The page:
Newspaper Page Text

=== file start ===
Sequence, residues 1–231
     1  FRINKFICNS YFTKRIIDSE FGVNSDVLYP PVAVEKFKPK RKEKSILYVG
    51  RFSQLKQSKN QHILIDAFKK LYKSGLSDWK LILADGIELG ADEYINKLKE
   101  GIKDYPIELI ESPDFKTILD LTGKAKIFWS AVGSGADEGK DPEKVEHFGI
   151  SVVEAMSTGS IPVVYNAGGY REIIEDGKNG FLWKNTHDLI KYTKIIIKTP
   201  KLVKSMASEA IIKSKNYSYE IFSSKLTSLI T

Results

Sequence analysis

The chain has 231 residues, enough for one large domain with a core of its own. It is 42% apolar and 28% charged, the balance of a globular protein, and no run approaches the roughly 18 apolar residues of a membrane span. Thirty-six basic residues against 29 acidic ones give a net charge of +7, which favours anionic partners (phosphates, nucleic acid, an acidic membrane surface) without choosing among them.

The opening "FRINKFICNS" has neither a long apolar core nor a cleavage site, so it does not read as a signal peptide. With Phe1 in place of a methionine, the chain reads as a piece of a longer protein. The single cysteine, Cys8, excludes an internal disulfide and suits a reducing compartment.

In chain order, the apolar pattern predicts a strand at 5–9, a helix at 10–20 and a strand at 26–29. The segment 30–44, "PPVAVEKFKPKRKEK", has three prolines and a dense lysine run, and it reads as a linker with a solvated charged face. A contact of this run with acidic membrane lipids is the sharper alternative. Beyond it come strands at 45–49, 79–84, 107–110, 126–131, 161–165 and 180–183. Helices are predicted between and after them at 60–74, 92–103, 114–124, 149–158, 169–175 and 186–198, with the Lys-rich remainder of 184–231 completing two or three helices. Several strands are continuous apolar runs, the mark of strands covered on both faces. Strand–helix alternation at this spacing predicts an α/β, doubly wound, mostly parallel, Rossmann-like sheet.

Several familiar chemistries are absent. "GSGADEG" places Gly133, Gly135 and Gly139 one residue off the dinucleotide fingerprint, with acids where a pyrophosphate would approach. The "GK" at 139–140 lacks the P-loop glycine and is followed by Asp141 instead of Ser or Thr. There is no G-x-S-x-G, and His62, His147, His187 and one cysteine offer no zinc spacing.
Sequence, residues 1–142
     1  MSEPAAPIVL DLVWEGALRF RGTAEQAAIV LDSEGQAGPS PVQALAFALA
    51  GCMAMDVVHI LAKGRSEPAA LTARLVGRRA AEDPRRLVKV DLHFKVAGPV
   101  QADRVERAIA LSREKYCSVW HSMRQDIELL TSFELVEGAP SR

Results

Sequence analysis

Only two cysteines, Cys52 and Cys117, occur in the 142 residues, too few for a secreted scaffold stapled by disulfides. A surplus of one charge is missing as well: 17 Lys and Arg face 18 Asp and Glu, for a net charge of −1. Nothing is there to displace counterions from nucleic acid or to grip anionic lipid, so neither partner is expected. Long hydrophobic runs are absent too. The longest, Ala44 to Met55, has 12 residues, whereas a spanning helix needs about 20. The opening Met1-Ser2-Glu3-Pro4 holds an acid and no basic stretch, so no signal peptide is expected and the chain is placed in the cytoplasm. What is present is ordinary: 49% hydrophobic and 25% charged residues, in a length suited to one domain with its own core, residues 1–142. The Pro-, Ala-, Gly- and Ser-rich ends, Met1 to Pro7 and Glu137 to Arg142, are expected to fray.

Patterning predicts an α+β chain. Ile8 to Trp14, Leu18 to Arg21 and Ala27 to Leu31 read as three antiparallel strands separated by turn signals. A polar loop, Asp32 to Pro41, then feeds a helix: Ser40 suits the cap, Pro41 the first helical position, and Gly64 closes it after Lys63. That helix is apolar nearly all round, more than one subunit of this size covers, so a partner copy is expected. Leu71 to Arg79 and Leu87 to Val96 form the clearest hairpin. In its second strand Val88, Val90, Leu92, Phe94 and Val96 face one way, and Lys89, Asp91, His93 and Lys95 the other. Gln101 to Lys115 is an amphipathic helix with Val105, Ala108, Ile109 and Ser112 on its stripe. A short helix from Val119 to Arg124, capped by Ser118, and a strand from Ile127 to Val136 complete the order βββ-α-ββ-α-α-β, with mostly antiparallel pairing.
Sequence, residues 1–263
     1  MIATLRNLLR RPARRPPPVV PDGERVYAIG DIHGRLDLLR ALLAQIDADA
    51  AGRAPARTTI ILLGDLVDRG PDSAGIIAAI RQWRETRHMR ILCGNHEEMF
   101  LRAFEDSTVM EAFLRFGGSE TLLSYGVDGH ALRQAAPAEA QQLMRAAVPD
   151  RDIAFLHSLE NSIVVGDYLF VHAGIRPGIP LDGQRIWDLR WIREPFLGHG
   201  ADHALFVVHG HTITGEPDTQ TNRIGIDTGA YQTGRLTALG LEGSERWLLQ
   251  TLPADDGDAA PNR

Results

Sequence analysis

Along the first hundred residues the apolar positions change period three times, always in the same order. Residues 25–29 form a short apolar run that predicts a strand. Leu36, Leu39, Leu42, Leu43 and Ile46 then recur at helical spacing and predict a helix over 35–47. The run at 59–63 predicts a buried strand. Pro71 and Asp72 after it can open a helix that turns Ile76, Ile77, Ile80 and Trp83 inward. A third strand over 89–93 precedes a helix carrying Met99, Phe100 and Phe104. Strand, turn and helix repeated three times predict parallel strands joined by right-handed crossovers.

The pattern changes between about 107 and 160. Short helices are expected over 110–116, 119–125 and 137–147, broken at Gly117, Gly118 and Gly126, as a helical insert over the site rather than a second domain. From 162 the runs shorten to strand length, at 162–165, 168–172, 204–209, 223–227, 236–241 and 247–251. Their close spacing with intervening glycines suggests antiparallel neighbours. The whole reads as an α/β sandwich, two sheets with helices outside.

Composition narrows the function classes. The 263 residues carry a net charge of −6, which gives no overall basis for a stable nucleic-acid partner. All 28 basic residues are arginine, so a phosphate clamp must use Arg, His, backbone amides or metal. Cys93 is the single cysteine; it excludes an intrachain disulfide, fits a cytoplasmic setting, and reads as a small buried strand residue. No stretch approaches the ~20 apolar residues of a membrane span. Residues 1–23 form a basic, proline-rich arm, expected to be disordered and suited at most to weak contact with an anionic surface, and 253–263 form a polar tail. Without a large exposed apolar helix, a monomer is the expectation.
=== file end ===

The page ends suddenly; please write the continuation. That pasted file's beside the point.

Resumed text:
PAGE EIGHT THE ARIZONA REPUBLICAN, WEDNESDAY MORNING, NOVEMBER 1, 1911. COUNCIL CALLS ELECTION W alt Diver Valley Electric Company Will Go Before f the People December 7th ENGINEER BARKER FILES It is a Comprehensive Document and Goes Deeply Into the details of the Respective Propositions Before the Council. Special Paving Bid Rejected. City At torney Directed to Widen Van Buren Street and to Open Other Thoroughfares Through Condemnation Proceedings. Sunday Circuses Barred From Phoenix. Cost under 3-year contract City purchase at l.iic .City purchase at 2.0c City generation own energy Annual saving Cost under 5-year contract.. City purchase at 1.5c City purchase at 2.0c City generating own energy.. Annual saving The citr council last night had a barrel full of business. Action was taken prohibiting the granting of n license for the giving of any show in Phoenix on Sunday, of the nature or a circus, menagerie, wild west, street parade or similar attraction; the re port of Engineer James E. Barker on the city lighting question was read ami referred to the committee of the whole for later consideration; the city attorney was ordered to institute con demnation proceedings for the opening of certain streets, satisfactory terms were made with the Salt River Valley Electric railway for the submission of their franchise to the electors, and an election on the franchise was called for December 7. Action in the first matter came after thp reading of (protests filed against permitting the giving of the 101 Ranch wild west show billed for next Sunday These protests were filed by the Wo man's club, the brotherhood of the First M. E. church, the Ministerial union, the Epworth League of the M. H. church, the Y. M. C. A., and W. C. Foster, representing the Arizona Fair commission. An ordinance was pass ediimaking such exhibitions illegal af ter its due publication, but as that wo"uld be ten days later a resolution was also passed covering the interven ing time. In the matter of the Salt River Val ley Electric railway franchise, the pro moters met all the objections made by Hhe council in the committee of the whole, by satisfactory amendments, except the request that the company give the city 3 per cent of its gross revenues. In that matter there was a compromise on 2 ner cent, after which the. council passed a resolution calling an election on the franchise December 7. A. B. Williams protested against the condition of the streets in the vicinity of the Ford hotel and a rep resentative of the Barber Asphalt Pav ing company promised that the north side of Washington street would be open for traffic not later than Xov. 5. A bid for paving those portions of streets in the paving district where abutting property owners have- refus ed to pave, submitted by the Barber company was found to be at a much higher rate than the rest of the pav ing being done, and was therefore re jected. The explanation of the bid- r - Uarmcnts cut ana lit- ,.ted by mc arc today's . Xew York fashions. i 20 AND 22 WEST ADAMS STREET I INDIAN BASKETS AND CDRIOS Arizoii Saddlery Ct. 4S N. CUr St, Phoanix, Arts. Phoenix Arcade Coo last Place of Amuiemint in tha City ICE COLD DRINKS AND CONES 5c Opn. from 8 a.m. to 10:80 p. m Next to Postomce. E REPORT ON LIGHTING CITY $11,764 0.318 J 16.764 10.472 $6,202 $13,81)5 10.472 $lfi.7C4 11.626 $5,048 $13,S'J5 11,626 $2,265 $7,356 .J.13.895 . 9.31S $4,577 $3.4: " dor was that it is more expensive to take the equipment hither and yon to do little odd jobs than where a con tinuous piece of work is at hand. Tlie proposed ordinance granting a street railway franchise to R. Allyn Lewis was read and referred to tho committee of the whole. The city attorney was directed to proceed under the law to force tho opening of South Fifth avenue. East Filmore street between Seventh and Xlnth, and the widening of Van Buren I between Central and First, j The report of Egineer J. W. Barker covered eleven, type written pages (and was a very comprehensive one. though considering the many phases of the auestion it could not well be more condensed. Three propositions, or lines of action are before the coun cil to choose from and the facts in each had to bo stted and severallr considered before a final deduction was drawn, and even then it is left for the council to decide which Is the wiser plan, for there are some things to be taken into consideration that cannot be expressed in figures. The three propositions to consider arc: 1. The city may continue to pur chase electrical energy from the Pa cific Gas & Electric company for its arc and ornamental lighting systems 2. The city may purchase electrical energy from the reclamation service and install its own lighting system. 3. The citr mar install a steam plant and arc lighting system and sup ply its own power. The report takes up the propositions seriatim, reciting the number and sort of lights and equipment now in use, the things that it would be necessary to bur in establishing its own plant and distributing systems: the rate it is ipaylng now for service: the rate asked bv the P. G. & E. Co. under a five- years contract and the rate ask ed for under a three-year's contract, both of which are notably lower than tho present rate: the probable growth of the. city which under the propose- contracts with the private company would make increased cost, and the probable increased cost of extending tho system under a municipal plant; the cost of labor and operation; cost of supplies etc. Another feature that is indefinite is the iprobable terms on which the city could get power for lighting tho streets and public build ings, figures being submitted on two tentative rates. These and a world of details make a careful perusal of the entire report very necessary to those who are to decide, for after all Is said and done there arc the debat able questions of government rate, city growth, etc. Then there is the fact that until tho expiration of the contract of the P. G. & E. Co. with the government the citr can secure power from that source onlr for lighting the streets and public buildings. At the expense of some features not being quite clear without reading the preceding pages of the report, which discussed them in detail, the engin eer's conclusions are best set forth by the following language in the final pages: "With the conditions assumed as to the number of lamps and hours' use, the city will pay for 277,900 kilowatt hours per year under proposition Xo. 1, and will pay for or generate 230.800 kiowatt hours under proposition Xo. 2 or Xo. 3. "Proposition Xo. 1. "LTnder the terms of the proposed three year contract this will, at 6 cents per KWH, amount to $16,674 "Under the terms of the proposed five year contract this will, at 5 cents per KWH, amount to $13,895 "Proposition Xo. 2. "For the city to install its arc light ing system and purchase power at 1.5 cents per KWH $ 9,318 ' "Same with power at 2 cents per KWH $10,472 "Proposition Xo. 2. "The cost when the city installs its arc lighting system and generating plant $11,626 "The relation between these figures may be shown by the tables at the beginning of this article. "Td these amounts may be added the $500 per year for lighting the pub lic buildings. "From tho comparison it is seen that considering the terms of the five year contract, lie cjty may effect an F annual saving of $2,769. when generat ing its own power, with a possible saving of $5,077, when purchasing power from the reclamation service. and under the terms of the three year contract may effect an annual saving of $5,548, with a possible saving of $,S56, provided power can be pur chased from the reclamation service. "As these amounts are the annual saving resulting from an investment ranging from $33,S00 to $38,625, it is evident that it is not to the city's In terest to accept a contract for current at 6 cents ier kilowatt hour, and fur ther, a five year contract would tie the city up for a considerable period, during which its load would undoubt edly increase, so that with Its own steam plant it could generate current for considerable less than the amounts herein estimated. "The rate at which the city would have to purchase current, using the present arc lamps, in order to equal what it could produce its own current with a modern arc system, at the same time paying fixed charges, and setting aside a sinking fund sufficient to pay off the lighting debt in thirty years. is 4.2 cents per kilowatt hour. If the sinking fund .is not set aside the rate becomes slightly less than 4 cents per kilowatt hour, and these rates will be considerably less as the load increases. "In view of this showing the city should endeavor to secure a rate at least as low us that for which It can generate its own energy, and further, should not enter into a long term con tract unless under exceptionally favor able terms. If a contract is made and the present 6.6 ampere lamp kept in service, it should require that the lamps be raised to a height of at least 25 feet from the ground, espe cially in open streets where there are no trees. By so doing a much better distribution of light can be had. "In considering the question as to whetlier or not the present company can afford to meet the city's cost. It should be remembered that the com pany's investment in street lighting is not so great as the city's would be for street lighting alone, as the same poles carry wires for both domestic and street lighting. "A further point to le kept In view in making a long term contract for service covering both arc and orna mental lighting Is the fact that the city will own the ornamental system and the party furnishing current will have practically no fixed charge to bear on this portion of the load, and that if this type of lighting becomes very much extended a low rate should be secured for it. "The question of instilling a plant and distributing system should be de termined by what rate can be secured from other sources and by the policy of the city relative to increasing the lighting business and engaging In gen eral domestic lighting." o BUSY AS BUZZ WAGON ON ELECTION DAY The Y. M. C. A. Is Doing Things All the Time and Making the Boys of Phoenix Happy Besides. In connection with the coming en tertainment course, which Is to he presented by the Young Men's Chris tian association, arrangements have been made with the street car com pany to furnish cars on all lines at the close of the entertainments. The general public Is requested to bear this in mind. The educational classes of the Young Men's Christian association. which were enrolled last week, are be ginning their real wock this week. The class in Spanish and class in the commercial course and the grammar school class he!d their first sessions last evening. These classes will all meet on Monday. Wednesday and Friday of each week. The books will be open for enrollment right along and It Is a rare opportunity for young men who wish to employ their spare time in fitting themselves for better things. Full Information con cerning this department is found in a new booklet recently gotten out by the advertising committee of this de partment and they can be secured at the office or through any of the as sociation members. Seven groups of boys have been or ganized under adult leadership, com bining Bible study, social, educational and physical features. The groups will hold their first meeting Friday evening at seven o'clock. These groups are on a competitive basis and a geautlful silver loving cup has been donated for the winning group by Wesley & White, Jewelers. E. M. Robinson, head of tho boys work of the international committee of the Young Men's Christian associa tion of the United States and Canada, will be In our city on Xovember 16th. Mr. Robinson Is the association's greatest authority on boys' work and his coming Is being looked forward to- with a great deal of interest. He will address the high school boys at 9:15 this morning. A luncheon will be held that day and men of the city Interested in boy life will be in vited and a meeting of the directors and boys' work committee will be held in the afternoon. The Young Men's Christian asso ciation is going to run an exhibit dur ing fair week. They will have a tent 24x36 feet, which will be divided into two rooms, one to be used as a rest room and the other as an emergency hospital. We will have pictures and literature describing the general movement of the Young Men's Chris tian association in the United States and especially Phoenix. Magazines and other reading matter will be on file, also ink and writing paper. R. II. Tolleson. secretary of the boys' department, will have charge of the tent and will be assisted by a corps of Boy Scouts, who have passed their first aid test. Miss Anna Willis Wilson, the orig inal "Miss Liberty," whose profile adorns the silver dollar, has. been fojr tho past 12 years at tho head of tho kindergarten system of Philadelphia. ler native pny, WOMAN ASKS FOB UNITY Men and His Politics Were Found Wanting HE MUST ABDICATE Wife of Famous Irish Agi tator Delivers a Strong Speech at the National Woman Suffrage Convention. LOUISVILLE. Ky.. Oct. 31.-Man;in u snein? compctItlon. and his political ways were weighed and found wanting by Mrs. T. P. O'Connor, wife of the Irish leader, who addressed the Xational Woman Suffrage convention on the text, "Let Our Watchword be Unity." Mrs. O'Connor replied to what she termed the "old threadbare arguments" against woman suffrage, outlined what she declared were typical abuses of man's powers and urged her sisters to "stand shoulder to shoulder and inarch for ward together." "If tho maloritv of men rnulil lio convinced that It would be to their' vantage of the state to accede the vote to women our fight would be at an end," she declared. "When you ask them why we don't vote they ad- vance old threadbare arguments, the .first being that all women would vote, according to the politics of their bus - bands. If this be true, why shouldn't a man want two votes Instead of one? Another argument is that if women had votes men would no longer pick up their handkerchiefs. 1 have lived in England twenty-six years and dur- Ing that time I have always picked up my own handkerchief and not had the advantage of a vote, either. "A man left alone In Baltimore this summer with a negro cook called herj into tne uining room and said: Con- inadequate. Many of them are mark found you, Maria. I want my meals 'cdly unjust to women and no reforma- cooked better hereafter or out the door you go; I don't propose to pay you J30 a month to send in everything I eat burned to a crisp.' 'Look a here, retorted Maria, 'don't you talk that way to me, you just 'member who I is; I don't like your tone of voice, and.vorcc laws; a woman In order to dl- I alnt no trash for you to holler at; you musn't take me for yo' wife.' "And finally the great and over- whelming argument is that to give THE AMEWCAN WOMAM REDUCTION SALE We are going to give you the benefit now, buy your Holiday gifts while the picking is good. We must make room for the large stock of goods purchased in Europe by Mr. Balke. You will be surprised when you see the bargains. Balke's Big Curio Store 33-35 West Adams Street women votes would destroy man's home. It doesn't matter about wo men's: man's home is the thing to be considered. Then there Is the last weak kneed argument, the refuge of the pessimist, that already the fran chise is too large, and as women are clamoring for a vote the only remedy Is to take It away from a certain num ber of men who have not gone through si pjilloclato ronrso nml I'dnnnt stnnrl "Men arc not to be trusted with un limited power, but the very founda tion of the relations of men and wo men are wholly wrong. The theory is that men toward women are wise, noble, generous, chivalrous and just; that we can trust them to make laws for us which will protect our Inter ests; and for the rest we must by tact and diplomacy manage them. Men's great shibboleth, the thing he cries out for. Is management. If he is unfaithful to his wife, she hasn't managed him properly. And what woman, I ask you, no matter how good or clever she is, can make a man go iiot lin. lino tmmin t j rrt tlln t . IUL tllJlflllVl VtUIlltlli. "Women are brought up by the thc- ory of expecting undying faithfulness, .consideration, unselfishness and a tak- ing of all responsibility from her i shoulders by man slowly but surely I she has to unlearn this false lesson. I There are men in the world, many of j them, tenderly chivalrous to women my own dear father was one of them. But we do not, we must not, rely upon sentiment. What we want, and what we demand. Is justice. An ounce of ! justice administered by the law with a judge and a jury behind it is worth all the chivalry in the world. More sood has resulted from it than every sleeve worn by a gallant knight In honor of his lady love. "The laws as they stand today are , tion will take place without the fran- chisc. Englishmen have a fine sens , of justice; the trouble is not with them, but with Englishmen who have too long been content to submit to injustice. Take, for Instance, our dl- vorce her husband must have unfaith fulness and bodily cruelty combined a man unfaithfulness only. He Is at liberty to take a house next door to his wife, put another woman In It, call her by his wife's name; and the wife, because he has not struck her a blow, has no redress. This in the eyes of the law Is not cruelty. "A woman in England can always .get better terms, a more generous In come, from a quiet separation than from a public divorce. That great em pire, king, prime minister, peers, mem bers of parliament, put a price upon her silence. She Is bribed by the state to protect the delinquencies of her husband, and these are the laws framed, passed and jealously guarded by man to whom woman Is to trust herself and her children. "Englishmen are beginning-to awake to the fact, however, that women are sentient human beings. Greatly as we shall benefit by the franchise, it is for the imperative welfare of man: and it is the duty of woman to force him to a position where injustice and ar rogance and oppression are impossi ble. This can only come through plac ing a woman upon equality with man and giving her an interest In public affairs, and a vote. Xo matter how much the domestic woman loves a home, if she were debarred from any authority in that home she would soon lose Interest In it. That is the rea son why women have not more con cern In politics. They are outside the arena of action, they are mere spec tators, not participants. "We may not all have the eloquence of Miss Shaw, nor the energy and sin ews of war of Mrs. Belmont, but we can stand shoulder to shoulder and march forward together and when the gaps rend our ranks, fresh recruits will come forward and close them up. For we must never again stop or turn aside in our onward march. But above all, let us, with hands across the sea, and clasped together in good fellow ship here in America, stand in unity." o AN IDEAL FLY TRAP. A physician living on the South' Side has invented a rather novel method of ridding his house of flies. An ordinary drinking glass half filled with soap suds is placed in a convenient window sill. A slice of bread with a small hole cut in the middle and spread on the under side with molasses, covers the glass. The flies light on the bread and crawl through the hole to get to the molasses. There they are soon over-' ' A Cl"OWAl come by the fumes from the soapy water and fall Into it. In a few hours the glass Is filled with them. The phy sician Is very enthusiastic over the in vention, for, he says, it Is much easier than chasing files all over the house and then klling onlv a few. "It is also safer," he addad. "than tho method I read of In a paper a few days ago telling of a grocer who used a pan of formaldehyde. I do not doubt the success of the plan, but formaldehyde is deadly poison and it would be a bad thing to keep around the house where there are children. The soap suds method is convenient and cheap and brings excellent results." From th2 Chicago Inter-Ocean. NO CAUSE TO DOUBT A Statement of Facts Backed by a Strong Guarantee. We guarantee immediate and pos itive relief to all sufferers from con stipation. In every case where our remedy fails to do this we will return the money paid us for It. That's a frank statement of facts, and wo want you to substantiate them at our risk. Rexall Orderlies are eaten just like candy, arc particularly prompt and agreeable In action, may be taken at any time, day or night; do not cause diarrhoea, nausea, griping, excessive looseness, or other undesirable effects. They have a very mild but positive action upon the organs with which they come in contact, apparently act ing as a regulative tonic upon the re laxed inascular coat of the bowel, thus overcoming weakness, and aiding to restore the bowels to more vigor ous and healthy activity. Rexall orderlies are unsurpassable and ideal for the use of children, old folks and delicate persons. We can not too highly recommend them to all sufferers from any form of consti pation and its attendant evils. That's why we back our faith In them with our promise of money back if they do not give entire satisfaction. Three sizes: tablets 10 cents, 36 tablets 25 cents and 80 tablets 50 cents. Re member, you can obtain Rexall Rem edies in Phoenix only at our store. Tho Rexall Store. The Owl Drug Co.. Ardrew H. Miller. Mgr.. First Ave. and Adams St., and Laird & Dines, Tempe.